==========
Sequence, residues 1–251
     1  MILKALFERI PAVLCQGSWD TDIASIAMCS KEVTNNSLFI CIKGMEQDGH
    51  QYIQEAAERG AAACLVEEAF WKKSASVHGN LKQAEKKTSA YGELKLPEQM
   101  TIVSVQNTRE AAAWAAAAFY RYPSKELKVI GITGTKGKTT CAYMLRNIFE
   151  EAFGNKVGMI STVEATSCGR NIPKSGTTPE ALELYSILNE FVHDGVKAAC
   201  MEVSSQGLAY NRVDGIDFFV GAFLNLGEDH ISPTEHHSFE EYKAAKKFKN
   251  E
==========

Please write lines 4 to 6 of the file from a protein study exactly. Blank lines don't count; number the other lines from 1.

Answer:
   101  TIVSVQNTRE AAAWAAAAFY RYPSKELKVI GITGTKGKTT CAYMLRNIFE
   151  EAFGNKVGMI STVEATSCGR NIPKSGTTPE ALELYSILNE FVHDGVKAAC
   201  MEVSSQGLAY NRVDGIDFFV GAFLNLGEDH ISPTEHHSFE EYKAAKKFKN